Alex S. Baldwin

Postdoctoral Research Fellow at McGill Vision Research

Areas of Specialisation

The human visual system is one of the great wonders of the natural world, hidden in plain sight. It performs operations beyond that capable by our most advanced technology in a way that is so unobtrusive that it can be difficult to apprehend the complexity of the task set for it. Our brains somehow transform the input from the retina – a distorted, constantly-shifting “spotlight” cast on the visual world – into a stable and detailed representation of the outside world. The visual stimulus can contain many different types of information: for example the simple contrast between light and dark regions in the stimulus, more complex texture patterns, objects with shapes and surfaces, motion both of objects in the world and of the observer moving through it, and depth information from stereoscopic disparity. Of these stimulus domains the processing of contrast is the most fundamental, however even in this case our understanding is still incomplete.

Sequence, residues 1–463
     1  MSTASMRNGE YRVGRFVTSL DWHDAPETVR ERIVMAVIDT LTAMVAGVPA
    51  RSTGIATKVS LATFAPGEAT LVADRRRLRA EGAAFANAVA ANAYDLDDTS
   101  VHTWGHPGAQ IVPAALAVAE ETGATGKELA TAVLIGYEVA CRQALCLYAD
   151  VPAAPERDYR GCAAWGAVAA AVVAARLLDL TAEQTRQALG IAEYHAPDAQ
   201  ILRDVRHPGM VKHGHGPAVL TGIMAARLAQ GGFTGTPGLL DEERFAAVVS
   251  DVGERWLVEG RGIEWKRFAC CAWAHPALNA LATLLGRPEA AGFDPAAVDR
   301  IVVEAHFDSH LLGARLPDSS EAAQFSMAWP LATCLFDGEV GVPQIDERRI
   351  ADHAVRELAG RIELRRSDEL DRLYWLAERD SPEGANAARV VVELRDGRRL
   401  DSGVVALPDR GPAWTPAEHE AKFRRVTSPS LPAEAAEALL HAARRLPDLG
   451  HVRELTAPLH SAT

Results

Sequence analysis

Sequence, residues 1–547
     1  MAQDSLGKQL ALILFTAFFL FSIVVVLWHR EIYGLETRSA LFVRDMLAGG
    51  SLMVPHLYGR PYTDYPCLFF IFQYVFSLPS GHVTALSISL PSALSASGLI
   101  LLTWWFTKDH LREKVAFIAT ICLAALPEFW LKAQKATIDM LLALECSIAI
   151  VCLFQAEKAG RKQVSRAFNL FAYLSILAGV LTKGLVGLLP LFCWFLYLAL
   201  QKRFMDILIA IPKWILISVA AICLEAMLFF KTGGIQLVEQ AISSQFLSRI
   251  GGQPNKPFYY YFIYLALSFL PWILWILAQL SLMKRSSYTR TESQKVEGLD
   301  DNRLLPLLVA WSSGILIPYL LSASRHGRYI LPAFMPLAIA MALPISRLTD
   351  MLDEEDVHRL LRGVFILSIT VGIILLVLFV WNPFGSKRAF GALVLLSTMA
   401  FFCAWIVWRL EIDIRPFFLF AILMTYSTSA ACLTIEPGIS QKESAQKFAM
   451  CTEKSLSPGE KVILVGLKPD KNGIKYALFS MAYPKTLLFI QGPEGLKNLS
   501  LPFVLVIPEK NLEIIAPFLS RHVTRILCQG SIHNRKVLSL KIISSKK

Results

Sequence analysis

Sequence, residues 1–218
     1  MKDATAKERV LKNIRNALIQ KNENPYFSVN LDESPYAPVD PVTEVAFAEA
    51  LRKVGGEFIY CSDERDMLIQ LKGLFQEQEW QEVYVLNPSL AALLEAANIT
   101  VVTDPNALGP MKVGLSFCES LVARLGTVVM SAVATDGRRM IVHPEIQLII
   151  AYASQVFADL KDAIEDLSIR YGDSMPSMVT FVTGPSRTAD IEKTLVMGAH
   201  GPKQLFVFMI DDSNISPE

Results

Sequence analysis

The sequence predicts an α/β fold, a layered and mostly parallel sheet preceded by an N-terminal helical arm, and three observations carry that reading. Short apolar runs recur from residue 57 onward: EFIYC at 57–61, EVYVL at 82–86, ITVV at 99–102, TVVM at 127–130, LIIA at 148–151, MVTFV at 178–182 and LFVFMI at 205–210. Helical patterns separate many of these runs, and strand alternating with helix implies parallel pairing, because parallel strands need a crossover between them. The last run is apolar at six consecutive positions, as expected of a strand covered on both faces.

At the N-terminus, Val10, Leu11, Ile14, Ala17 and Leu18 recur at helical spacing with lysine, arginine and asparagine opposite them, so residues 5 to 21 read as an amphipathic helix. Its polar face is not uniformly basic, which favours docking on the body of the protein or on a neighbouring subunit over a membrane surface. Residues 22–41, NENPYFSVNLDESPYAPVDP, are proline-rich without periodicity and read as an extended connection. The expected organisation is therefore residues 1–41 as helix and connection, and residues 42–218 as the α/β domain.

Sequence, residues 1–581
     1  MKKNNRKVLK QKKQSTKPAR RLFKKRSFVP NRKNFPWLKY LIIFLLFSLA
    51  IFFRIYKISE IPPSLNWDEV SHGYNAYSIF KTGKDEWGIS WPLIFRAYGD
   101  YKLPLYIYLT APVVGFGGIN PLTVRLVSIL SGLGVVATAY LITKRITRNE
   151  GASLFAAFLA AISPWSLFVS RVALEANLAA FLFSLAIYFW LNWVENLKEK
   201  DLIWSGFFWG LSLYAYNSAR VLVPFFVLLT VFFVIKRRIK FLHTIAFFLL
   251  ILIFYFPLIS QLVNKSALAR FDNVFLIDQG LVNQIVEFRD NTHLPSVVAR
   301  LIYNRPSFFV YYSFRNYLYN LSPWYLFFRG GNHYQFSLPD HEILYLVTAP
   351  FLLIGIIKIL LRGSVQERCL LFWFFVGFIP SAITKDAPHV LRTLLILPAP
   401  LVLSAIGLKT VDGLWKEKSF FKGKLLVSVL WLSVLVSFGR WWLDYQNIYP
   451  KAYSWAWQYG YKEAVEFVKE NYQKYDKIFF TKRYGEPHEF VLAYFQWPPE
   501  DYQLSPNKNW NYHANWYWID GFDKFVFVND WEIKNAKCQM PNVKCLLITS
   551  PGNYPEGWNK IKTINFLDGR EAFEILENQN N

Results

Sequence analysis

In order to investigate how the brain processes visual information I use psychophysical methods. I set my human observers carefully-designed tasks that require them to use information from visual stimuli to make decisions. By collecting a large amount of data on how humans behave I can establish a relationship between the properties of the stimulus and the response. The principle is that if we understand the visual system then we should be able to predict how humans will perform on these tasks. In order to explain the results from a specific experiment I draw on the background of what is known from psychophysics, neurophysiology (e.g. electrical recordings made from brain cells), and imaging methods such as fMRI, to develop mathematical and computational models of how the brain might perform the task. The human performance can then be tested against the simulations made by a variety of such models in order to find that which best accounts for the data. The combination of psychophysics and modelling is particularly powerful when the experiment is designed with the possible models already in mind, as one can design an experiment that is specifically focused on giving the data needed to distinguish between them.